Technology is a very important role in sustainable construction because it is one of the most significant ways in which we interact with our environment; we use technologies to extract natural resources, to modify them for human purposes, and to adapt our man-made living space. It is through use of technology that we have seen drastic improvements in the quality of life of many people. Unfortunately, many of these short term improvements in the immediate quality of life have also exacted a great toll on the environment. In order to proceed toward sustainability, we will have to be more deliberate and thoughtful in our employment of technology. We need to develop and use technologies with sustainability in mind. We need "sustainable technologies." (Moore 1972, p. 5).
There are many ways in which the construction industry is able to contribute to a healthier environment, both locally and globally. In the last decade there has been a major shift toward 'greener' ways of thinking about the design and construction. They are Recycling of materials. Rather than using all new construction materials, it is often desirable to utilise materials salvaged from buildings which have been demolished (Aircrete, 2010). Bricks and tiles are a good example of this, Minimise transportation costs. By sourcing materials locally we can cut down on the amount of fossil fuels involved in transporting goods to the construction site, Renewable energy sources include wind, wave and solar power. These sources of energy are limitless and replenish themselves constantly. They create no harmful by-products and, after an initial expense in constructing the means of harnessing the energy, is essentially free, Solar power is a type of renewable is probably the most established. Humans have been using heat energy from the sun in simple ways to heat their homes and water for thousands of years. We have all hung out washing to dry on a sunny day and found it to be very effective, Wave power that could be generated by the movement of waves is incalculable. There is more than enough potential energy in the seas and oceans of the world to meet all mankind's energy needs many times over. The problem we have is how do we harness that energy?, although wind turbines are very tall, they don't actually take up much ground space and it is possible to graze sheep and cattle in the same area, as there are no emissions or by-products likely to contaminate or harm livestock.
Construction sites have an impact on the environment local to a site. These impacts include interfering with daily life of a community, with dust, mud, noise, traffic congestion, safety and visual intrusion ( Couto & Couto 2007). Some of these impacts can be reduced by simple changes to site processes. For example, noise adversely affects the local community, especially noise resulting from the use of pneumatic hammers, compressors, concrete mixers and communication amongst workers. This impact can be minimised by considering each piece of equipment and by locating the noisiest equipment at the farthest possible point from residents. Noise can also be reduced by using off-site manufactured materials which minimises the on-site use of high power equipment. Simple changes can have accumulative positive effects on site noise levels; such as using ready mix concrete instead of mixing it on site and using walkie-talkies for communication instead of screaming at operatives. Noise can also be reduced by carrying out work properly the first time, minimising the need to cut out work and start again (Couto & Couto 2007).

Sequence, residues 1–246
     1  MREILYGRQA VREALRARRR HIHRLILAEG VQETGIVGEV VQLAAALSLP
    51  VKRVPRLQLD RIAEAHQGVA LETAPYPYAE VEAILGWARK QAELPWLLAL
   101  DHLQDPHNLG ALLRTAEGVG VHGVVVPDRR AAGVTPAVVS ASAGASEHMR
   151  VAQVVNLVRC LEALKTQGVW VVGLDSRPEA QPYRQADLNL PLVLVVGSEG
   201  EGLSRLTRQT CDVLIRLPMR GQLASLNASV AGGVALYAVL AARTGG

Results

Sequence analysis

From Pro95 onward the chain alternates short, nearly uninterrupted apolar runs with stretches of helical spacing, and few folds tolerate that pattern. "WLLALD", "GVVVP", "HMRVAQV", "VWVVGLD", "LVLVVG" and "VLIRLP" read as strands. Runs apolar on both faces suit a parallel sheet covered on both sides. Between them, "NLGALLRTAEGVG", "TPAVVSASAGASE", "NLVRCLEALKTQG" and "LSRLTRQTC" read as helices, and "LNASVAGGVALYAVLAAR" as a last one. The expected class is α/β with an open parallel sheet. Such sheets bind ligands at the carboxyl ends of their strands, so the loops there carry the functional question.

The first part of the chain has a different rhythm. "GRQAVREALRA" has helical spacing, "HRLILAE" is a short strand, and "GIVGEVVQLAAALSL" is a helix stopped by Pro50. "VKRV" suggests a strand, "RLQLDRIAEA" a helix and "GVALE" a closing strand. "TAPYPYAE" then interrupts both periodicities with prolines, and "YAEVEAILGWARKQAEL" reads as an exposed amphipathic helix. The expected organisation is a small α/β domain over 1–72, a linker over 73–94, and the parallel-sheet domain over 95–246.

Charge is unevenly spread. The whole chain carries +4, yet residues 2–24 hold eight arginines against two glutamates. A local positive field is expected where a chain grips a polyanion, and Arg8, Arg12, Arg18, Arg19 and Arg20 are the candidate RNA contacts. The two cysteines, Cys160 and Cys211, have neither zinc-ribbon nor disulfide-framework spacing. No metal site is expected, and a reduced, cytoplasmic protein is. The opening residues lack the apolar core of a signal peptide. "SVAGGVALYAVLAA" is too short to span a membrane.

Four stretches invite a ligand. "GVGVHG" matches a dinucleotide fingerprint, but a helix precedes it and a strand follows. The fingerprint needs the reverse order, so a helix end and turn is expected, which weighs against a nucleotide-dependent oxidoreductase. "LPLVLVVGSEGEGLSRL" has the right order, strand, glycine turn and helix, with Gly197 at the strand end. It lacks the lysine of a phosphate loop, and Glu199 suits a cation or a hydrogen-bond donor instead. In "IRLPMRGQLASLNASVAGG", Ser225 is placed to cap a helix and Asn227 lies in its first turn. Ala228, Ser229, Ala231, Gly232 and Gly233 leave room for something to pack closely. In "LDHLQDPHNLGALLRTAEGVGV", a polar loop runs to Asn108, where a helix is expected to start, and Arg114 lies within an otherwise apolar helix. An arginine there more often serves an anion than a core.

UK Government introduced the Strategy for Sustainable Construction On 11th June 2008.The StrategyÂ aims to take a longer-term view on how the UK construction industry can become more sustainable and work towards the overall sustainability targets of the UK. The Strategy has spawned a number of initiatives including Constructing Excellence. (WRAP, 2010), The ICE Demolition Protocol, Quarry Products Association, The Strategic Forum for Construction, Materials Resource Efficiency in Regeneration . In order to launchÂ of the Sustainable Construction Strategy, the CSU's Â 'HYPERLINK "http://www.berr.gov.uk/files/file34979.pdf"Review of Sustainable Construction 2006HYPERLINK "http://www.dti.gov.uk/files/file34979.pdf"'Â was published in October 2006 and this in turn hadÂ superseded the original strategy Â 'HYPERLINK "http://www.berr.gov.uk/files/file13547.pdf"'HYPERLINK "http://www.berr.gov.uk/files/file13547.pdf"Building a Better Quality of Life - A Strategy for More Sustainable ConstructionHYPERLINK "http://www.berr.gov.uk/files/file13547.pdf"'Â which was published six years (BIR ,2010)
Against these backgrounds, if ever there was an industry best placed to demonstrate the business case for sustainable development, it has to be the construction industry: where competition is fierce and profit margins are low. The UK government has challenged the industry to take the lead in achieving a sustainable society and improving the quality of life, in terms of employment, housing, utilities, transport infrastructure and the surrounding built environment. The application of sustainable development to the construction industry is sustainable construction, that is, equal consideration of economic, social and environmental issues in delivering construction projects. To promote more sustainable construction, several national initiatives have been initiated and documents. The most notable of these documents, among others, are 'Building a better quality of life: a strategy for more sustainable construction' (DETR, 2000), which recommends key action themes to kick-start adoption of more sustainable practices within the industry